A new Electric scooter company in New York has revealed that a fleet of scooters will be on the road within weeks
Within weeks, 100 electric scooters will be installed at York university.
Tier, an electric-scooter rental company that has run similar schemes in The twin cities of Paris, Berlin and York, Munster, has been chosen as the operator for a year-long trial.
Scooters are equipped with helmets and have large front wheels and wide pedals to make them easier to ride.
It costs £1 to unlock the bike and 15p per minute to ride.
Drivers need at least a temporary driver's license to rent a scooter.
The insurance will be underwritten by the company, so there is no need for the customer to arrange or pay.
A spokesman for Tier said the trial would begin at the university, but would be widened to provide scooters between the Rawcliffe Bar Park&Ride hospital and st John's university of york.
The hub could also be opened in the city centre - the scheme could be expanded during the trial period.
Fred Jones, general manager at Tier, said: "York is a very special place with a long history of 2000 years, and we are proud to support the city and look to the future of urban transport.
"We believe electric scooter trials will bring significant benefits to New York residents, from clean air to reduced traffic congestion, and crucially, they can also help people get around safely again after COVID-19."
York City Council approved the trial on Tuesday.
Cllr Andy D'Agorne said: "Together we will ensure that clear and effective communication channels are established, which is essential for early warning of any issues that need to be addressed, assessing the impact and learning all the lessons from the trial."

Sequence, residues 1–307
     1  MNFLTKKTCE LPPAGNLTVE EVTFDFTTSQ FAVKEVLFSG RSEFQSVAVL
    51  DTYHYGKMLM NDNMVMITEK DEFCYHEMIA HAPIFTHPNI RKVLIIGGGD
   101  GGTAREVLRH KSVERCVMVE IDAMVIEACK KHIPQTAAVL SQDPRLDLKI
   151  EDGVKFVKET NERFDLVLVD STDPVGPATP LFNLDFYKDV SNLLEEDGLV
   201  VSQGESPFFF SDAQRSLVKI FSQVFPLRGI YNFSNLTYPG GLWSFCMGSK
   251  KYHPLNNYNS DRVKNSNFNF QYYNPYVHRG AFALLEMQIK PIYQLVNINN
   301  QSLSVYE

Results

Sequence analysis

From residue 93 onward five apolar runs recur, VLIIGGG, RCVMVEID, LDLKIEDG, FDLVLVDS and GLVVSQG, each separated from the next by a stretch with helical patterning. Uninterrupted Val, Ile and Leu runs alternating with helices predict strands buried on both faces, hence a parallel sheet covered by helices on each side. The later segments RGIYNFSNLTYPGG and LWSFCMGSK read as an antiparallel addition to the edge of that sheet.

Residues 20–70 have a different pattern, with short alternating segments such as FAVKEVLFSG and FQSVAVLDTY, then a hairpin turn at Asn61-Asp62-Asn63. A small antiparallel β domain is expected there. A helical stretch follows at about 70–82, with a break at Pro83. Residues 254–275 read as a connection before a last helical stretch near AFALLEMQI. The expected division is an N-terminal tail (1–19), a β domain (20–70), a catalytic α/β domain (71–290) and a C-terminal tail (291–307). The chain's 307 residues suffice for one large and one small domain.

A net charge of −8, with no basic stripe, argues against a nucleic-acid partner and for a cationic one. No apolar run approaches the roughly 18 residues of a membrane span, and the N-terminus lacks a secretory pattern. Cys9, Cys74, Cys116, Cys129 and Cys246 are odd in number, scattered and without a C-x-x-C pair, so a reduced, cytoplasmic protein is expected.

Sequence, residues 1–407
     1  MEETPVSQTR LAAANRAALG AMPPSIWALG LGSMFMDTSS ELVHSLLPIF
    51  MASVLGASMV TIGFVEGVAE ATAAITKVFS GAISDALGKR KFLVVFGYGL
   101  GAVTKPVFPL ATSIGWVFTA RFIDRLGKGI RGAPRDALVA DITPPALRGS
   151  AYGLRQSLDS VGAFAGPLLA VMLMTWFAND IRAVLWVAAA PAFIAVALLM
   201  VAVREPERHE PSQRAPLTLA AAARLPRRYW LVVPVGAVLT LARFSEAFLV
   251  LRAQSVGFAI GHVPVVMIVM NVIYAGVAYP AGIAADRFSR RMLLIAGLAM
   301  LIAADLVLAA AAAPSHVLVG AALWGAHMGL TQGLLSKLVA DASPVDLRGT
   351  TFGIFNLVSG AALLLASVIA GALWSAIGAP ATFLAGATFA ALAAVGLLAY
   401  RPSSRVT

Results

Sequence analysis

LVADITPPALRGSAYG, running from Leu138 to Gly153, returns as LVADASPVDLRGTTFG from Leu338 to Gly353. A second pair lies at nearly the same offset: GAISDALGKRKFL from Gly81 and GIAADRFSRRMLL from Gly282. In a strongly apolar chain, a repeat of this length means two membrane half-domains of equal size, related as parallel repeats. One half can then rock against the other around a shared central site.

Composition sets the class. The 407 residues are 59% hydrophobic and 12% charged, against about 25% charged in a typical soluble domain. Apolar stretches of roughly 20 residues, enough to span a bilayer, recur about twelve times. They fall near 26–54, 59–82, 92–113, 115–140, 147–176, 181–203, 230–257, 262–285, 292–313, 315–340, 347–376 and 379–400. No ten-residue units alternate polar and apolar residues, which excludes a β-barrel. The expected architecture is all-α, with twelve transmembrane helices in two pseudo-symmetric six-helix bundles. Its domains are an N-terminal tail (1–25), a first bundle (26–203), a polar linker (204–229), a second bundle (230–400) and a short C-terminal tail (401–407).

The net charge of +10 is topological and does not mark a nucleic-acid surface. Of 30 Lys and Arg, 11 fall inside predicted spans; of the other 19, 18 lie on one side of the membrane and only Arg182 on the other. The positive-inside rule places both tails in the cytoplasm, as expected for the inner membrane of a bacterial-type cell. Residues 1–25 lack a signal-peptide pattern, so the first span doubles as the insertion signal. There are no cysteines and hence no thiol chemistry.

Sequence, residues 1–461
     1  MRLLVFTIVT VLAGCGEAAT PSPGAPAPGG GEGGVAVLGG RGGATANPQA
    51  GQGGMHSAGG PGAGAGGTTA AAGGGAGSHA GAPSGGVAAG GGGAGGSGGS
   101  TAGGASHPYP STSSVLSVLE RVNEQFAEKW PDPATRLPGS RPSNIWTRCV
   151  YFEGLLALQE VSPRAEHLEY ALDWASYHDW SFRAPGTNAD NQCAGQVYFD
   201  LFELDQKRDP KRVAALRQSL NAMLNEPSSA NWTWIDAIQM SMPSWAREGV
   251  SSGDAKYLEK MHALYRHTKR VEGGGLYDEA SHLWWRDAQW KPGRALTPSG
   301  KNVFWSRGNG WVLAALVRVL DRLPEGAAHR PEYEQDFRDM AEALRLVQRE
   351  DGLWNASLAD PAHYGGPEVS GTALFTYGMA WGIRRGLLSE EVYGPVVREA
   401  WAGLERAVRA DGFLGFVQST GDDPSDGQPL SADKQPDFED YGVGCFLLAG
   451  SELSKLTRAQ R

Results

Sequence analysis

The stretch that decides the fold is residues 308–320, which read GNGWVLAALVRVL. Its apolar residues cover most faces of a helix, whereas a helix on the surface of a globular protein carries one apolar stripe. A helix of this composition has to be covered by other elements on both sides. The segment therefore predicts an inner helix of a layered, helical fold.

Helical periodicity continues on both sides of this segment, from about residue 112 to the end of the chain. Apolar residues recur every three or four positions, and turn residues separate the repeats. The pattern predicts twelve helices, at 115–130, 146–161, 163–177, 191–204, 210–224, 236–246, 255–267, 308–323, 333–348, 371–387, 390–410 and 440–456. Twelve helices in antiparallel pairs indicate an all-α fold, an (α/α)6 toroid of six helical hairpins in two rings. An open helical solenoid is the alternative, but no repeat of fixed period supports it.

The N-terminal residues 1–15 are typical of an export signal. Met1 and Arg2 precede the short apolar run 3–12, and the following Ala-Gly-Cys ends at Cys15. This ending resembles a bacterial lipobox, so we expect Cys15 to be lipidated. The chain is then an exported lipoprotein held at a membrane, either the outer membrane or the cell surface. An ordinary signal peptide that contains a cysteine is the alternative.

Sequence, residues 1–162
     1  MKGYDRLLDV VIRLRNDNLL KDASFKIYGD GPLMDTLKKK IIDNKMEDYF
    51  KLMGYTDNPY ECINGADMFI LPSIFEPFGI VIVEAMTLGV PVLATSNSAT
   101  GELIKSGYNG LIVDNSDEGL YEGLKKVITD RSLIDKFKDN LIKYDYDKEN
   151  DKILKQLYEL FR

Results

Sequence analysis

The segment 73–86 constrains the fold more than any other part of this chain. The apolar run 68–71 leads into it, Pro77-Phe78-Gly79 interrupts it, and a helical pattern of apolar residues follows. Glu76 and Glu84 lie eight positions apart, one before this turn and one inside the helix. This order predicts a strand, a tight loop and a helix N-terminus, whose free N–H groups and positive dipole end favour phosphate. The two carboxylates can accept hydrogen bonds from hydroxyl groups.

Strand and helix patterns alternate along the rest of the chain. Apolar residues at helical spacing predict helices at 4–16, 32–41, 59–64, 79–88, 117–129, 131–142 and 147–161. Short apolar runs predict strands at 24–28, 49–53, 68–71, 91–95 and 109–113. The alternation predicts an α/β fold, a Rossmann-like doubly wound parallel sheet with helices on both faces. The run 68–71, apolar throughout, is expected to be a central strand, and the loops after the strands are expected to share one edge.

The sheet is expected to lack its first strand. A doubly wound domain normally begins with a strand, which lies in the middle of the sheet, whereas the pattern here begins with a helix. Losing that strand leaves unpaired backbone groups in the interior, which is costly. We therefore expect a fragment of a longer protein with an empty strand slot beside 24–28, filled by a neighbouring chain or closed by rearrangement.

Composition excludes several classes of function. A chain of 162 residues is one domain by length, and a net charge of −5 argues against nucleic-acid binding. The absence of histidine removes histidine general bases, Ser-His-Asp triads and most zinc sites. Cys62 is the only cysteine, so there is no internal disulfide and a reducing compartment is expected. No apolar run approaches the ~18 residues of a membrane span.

York CENTRAL MP Rachael Maskell welcomed the news: "I have long argued for York to introduce electric scooting as part of its active travel options and to ease the city's congestion challenges.
"Electric scooters are widely used in Europe as a cheap, easy and efficient way to travel while reducing air pollution.
"The city is good for electric scooters, but it has to have good infrastructure to ensure that going to work or travelling for leisure enhances people's experience of the city.
I look forward to working with Tier to ensure that this new plan truly delivers benefits to all residents of York."
Iain Mitchell, business manager of Sight Loss Councils, says: "We are pleased that Tier has been contact with the Sight Loss Loss Councils to better understand the safety concerns of the electric scooters with the Blind and partially blind - namely they may find it difficult for the hearing side and the riders may not recognise a person with a vision obstacle.
"We welcome York's choice of an electric scooter operator that puts the safety of blind and partially sighted people at the forefront of its decision-making."